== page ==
GULF War veterans continue to have much poorer health than other servicemen but seem no more likely to suffer cancer, a study has shown.
The revelation comes just after a landmark inquest on the death of a Huddersfield soldier where a coroner stated for the first time that a serviceman had died from illnesses linked to service in the first Gulf war.
The ruling by a coroner in Cheshire on former Dalton man Major Ian Hill last month could pave the way for many other former service personnel to take action.
He died at the age of 54 in March 2001 after 10 years of severe health problems including emphysema, severe chest infections, breathing difficulties and the loss of feeling in his hands and feet.
But the cancer revelation came in two studies published in the British Medical Journal which had looked at the well-being of thousands of servicemen amid continued concern about so-called Gulf War Syndrome.
More than 3,000 veterans from the 1991 conflict have said they have suffered from unexplained ailments since the war, including kidney pains, memory loss, chronic fatigue and mood swings.
The servicemen have blamed tablets and vaccinations they received to protect them against nerve agents, anthrax and botulism along with pesticides sprayed on tents.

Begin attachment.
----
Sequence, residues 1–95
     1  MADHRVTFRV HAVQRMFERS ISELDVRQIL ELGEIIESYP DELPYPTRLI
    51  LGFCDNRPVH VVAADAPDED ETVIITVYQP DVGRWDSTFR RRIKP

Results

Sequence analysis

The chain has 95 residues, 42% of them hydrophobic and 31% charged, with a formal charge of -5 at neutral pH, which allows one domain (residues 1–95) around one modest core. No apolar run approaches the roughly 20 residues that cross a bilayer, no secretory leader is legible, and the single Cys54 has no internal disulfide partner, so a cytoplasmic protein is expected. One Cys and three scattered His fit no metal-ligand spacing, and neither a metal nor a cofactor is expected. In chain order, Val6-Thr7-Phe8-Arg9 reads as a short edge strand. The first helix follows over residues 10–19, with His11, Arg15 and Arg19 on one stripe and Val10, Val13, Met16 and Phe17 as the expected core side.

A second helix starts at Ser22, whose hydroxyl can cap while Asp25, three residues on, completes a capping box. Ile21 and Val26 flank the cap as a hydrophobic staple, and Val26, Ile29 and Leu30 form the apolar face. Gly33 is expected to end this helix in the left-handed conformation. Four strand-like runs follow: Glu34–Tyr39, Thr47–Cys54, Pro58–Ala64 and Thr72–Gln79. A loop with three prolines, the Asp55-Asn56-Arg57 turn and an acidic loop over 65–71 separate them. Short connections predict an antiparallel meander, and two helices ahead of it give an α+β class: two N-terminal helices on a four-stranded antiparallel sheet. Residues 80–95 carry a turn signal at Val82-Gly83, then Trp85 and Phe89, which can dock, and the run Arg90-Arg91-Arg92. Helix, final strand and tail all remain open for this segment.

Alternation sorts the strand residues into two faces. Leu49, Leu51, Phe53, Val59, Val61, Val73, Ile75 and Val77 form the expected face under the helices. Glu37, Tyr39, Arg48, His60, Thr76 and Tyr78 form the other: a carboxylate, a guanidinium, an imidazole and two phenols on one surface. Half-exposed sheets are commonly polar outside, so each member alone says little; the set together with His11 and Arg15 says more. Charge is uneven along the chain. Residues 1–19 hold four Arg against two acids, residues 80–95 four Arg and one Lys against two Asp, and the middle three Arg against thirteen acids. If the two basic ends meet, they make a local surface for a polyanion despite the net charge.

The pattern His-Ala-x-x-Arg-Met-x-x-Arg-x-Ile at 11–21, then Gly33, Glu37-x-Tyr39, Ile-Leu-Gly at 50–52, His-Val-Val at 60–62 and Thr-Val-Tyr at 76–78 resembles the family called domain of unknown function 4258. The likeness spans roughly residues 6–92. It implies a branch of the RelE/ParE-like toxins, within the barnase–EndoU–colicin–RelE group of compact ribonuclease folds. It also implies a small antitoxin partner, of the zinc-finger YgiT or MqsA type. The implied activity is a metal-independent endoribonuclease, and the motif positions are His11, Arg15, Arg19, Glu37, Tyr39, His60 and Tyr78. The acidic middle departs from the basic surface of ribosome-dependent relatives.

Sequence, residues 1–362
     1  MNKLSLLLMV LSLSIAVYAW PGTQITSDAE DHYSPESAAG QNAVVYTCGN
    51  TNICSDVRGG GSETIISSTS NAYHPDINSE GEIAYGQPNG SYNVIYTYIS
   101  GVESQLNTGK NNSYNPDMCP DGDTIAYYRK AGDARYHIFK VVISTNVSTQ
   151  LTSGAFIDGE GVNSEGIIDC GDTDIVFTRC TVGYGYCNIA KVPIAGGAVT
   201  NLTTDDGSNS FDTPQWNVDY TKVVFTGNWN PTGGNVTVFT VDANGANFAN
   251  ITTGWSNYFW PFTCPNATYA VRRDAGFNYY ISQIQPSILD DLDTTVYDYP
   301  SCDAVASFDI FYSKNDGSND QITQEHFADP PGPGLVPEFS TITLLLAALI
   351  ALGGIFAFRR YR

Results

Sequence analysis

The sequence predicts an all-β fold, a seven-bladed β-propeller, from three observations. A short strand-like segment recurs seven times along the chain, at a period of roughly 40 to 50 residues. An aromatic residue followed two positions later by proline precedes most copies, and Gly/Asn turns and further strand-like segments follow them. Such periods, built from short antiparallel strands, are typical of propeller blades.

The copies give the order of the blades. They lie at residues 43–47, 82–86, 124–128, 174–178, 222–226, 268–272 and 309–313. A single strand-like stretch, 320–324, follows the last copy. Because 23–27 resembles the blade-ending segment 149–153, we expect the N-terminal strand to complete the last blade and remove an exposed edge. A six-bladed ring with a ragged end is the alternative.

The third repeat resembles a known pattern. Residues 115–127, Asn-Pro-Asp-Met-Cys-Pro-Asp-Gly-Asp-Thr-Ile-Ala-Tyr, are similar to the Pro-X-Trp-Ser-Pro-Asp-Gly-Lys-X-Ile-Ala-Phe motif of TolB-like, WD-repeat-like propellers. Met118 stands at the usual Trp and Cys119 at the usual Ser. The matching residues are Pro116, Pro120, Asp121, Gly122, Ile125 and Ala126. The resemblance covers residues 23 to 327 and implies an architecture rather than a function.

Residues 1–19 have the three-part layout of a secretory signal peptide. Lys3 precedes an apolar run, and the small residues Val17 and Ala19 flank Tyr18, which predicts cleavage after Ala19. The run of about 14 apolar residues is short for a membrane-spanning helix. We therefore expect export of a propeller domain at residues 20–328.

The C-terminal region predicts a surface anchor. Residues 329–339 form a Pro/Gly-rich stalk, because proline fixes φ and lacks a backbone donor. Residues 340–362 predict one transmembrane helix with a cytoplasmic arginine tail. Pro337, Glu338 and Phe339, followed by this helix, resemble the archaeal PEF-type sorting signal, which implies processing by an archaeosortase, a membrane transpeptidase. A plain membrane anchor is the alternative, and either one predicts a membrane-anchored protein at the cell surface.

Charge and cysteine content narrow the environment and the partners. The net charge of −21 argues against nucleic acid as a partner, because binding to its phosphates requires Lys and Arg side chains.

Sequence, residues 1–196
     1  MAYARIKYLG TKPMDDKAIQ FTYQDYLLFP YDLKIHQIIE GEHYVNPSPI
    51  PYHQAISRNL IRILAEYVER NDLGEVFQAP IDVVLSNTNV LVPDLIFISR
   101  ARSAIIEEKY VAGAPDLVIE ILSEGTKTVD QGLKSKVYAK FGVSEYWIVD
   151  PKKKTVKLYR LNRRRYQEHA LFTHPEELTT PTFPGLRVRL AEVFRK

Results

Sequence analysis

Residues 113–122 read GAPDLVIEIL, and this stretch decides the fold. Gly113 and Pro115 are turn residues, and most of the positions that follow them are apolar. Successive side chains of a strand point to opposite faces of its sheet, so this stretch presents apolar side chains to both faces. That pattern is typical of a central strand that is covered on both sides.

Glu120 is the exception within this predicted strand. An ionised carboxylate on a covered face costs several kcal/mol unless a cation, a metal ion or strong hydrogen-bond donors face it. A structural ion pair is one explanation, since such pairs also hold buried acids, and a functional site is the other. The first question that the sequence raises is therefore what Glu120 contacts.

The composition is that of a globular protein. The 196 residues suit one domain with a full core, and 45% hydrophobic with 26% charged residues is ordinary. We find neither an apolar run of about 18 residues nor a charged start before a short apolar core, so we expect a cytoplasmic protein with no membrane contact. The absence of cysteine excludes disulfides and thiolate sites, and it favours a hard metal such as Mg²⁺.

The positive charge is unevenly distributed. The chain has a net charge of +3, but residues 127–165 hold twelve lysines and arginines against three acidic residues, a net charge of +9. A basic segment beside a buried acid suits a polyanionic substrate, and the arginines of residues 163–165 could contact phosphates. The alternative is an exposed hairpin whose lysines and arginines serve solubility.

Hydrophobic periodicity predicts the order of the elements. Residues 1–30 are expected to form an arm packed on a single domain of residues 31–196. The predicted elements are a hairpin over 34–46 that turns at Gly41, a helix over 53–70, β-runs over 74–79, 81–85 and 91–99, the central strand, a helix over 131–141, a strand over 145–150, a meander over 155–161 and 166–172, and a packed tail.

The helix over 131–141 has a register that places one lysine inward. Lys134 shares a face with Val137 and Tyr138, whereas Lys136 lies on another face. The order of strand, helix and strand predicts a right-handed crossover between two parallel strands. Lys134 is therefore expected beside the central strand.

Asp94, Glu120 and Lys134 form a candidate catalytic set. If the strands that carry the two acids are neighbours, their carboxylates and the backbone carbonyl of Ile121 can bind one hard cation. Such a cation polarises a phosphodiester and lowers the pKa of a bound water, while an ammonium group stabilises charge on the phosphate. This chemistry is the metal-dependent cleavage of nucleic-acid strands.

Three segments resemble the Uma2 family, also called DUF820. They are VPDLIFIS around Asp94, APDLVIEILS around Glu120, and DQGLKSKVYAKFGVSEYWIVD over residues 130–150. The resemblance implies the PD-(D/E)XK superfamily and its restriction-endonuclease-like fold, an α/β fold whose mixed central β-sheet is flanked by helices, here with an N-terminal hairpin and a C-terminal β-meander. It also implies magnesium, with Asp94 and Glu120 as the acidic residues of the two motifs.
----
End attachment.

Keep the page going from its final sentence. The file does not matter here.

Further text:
But the Ministry of Defence has maintained that the illnesses are so varied there can be no specific cause.
Researchers from Guy's, King's and St Thomas's School of Medicine compared the health of veterans up to 2001 - 10 years after the war.
They wrote: "Gulf war veterans continue to experience symptoms that are considerably worse than would be expected in an equivalent cohort of military personnel.
"However, Gulf War veterans are not deteriorating and do not have a higher incidence of new illnesses."
The researchers said the nature of Gulf War illness remained "ambiguous."
They said it would be increasingly difficult to find causes as the years passed.
"We suspect that different psychosocial, military and environmental risk factors may determine onset and recovery," the team concluded.
The second study, led by Professor Gary MacFarlane at the University of Manchester, compared the incidence of cancer in 51,721 Gulf veterans and 50,775 non-deployed personnel in the 11 years since the war.
In the Gulf War group there were 270 cases of cancer, compared with 269 in the non-deployed group.
Even after smoking and alcohol consumption were taken into account, there was still little change in risk between the groups.
The authors noted:
"Although this study should provide some reassurance of a lack of association between deployment to the Gulf and increased risk of cancer, the long latent period for cancer requires that these cohorts should continue to be followed up and their experience of cancer monitored."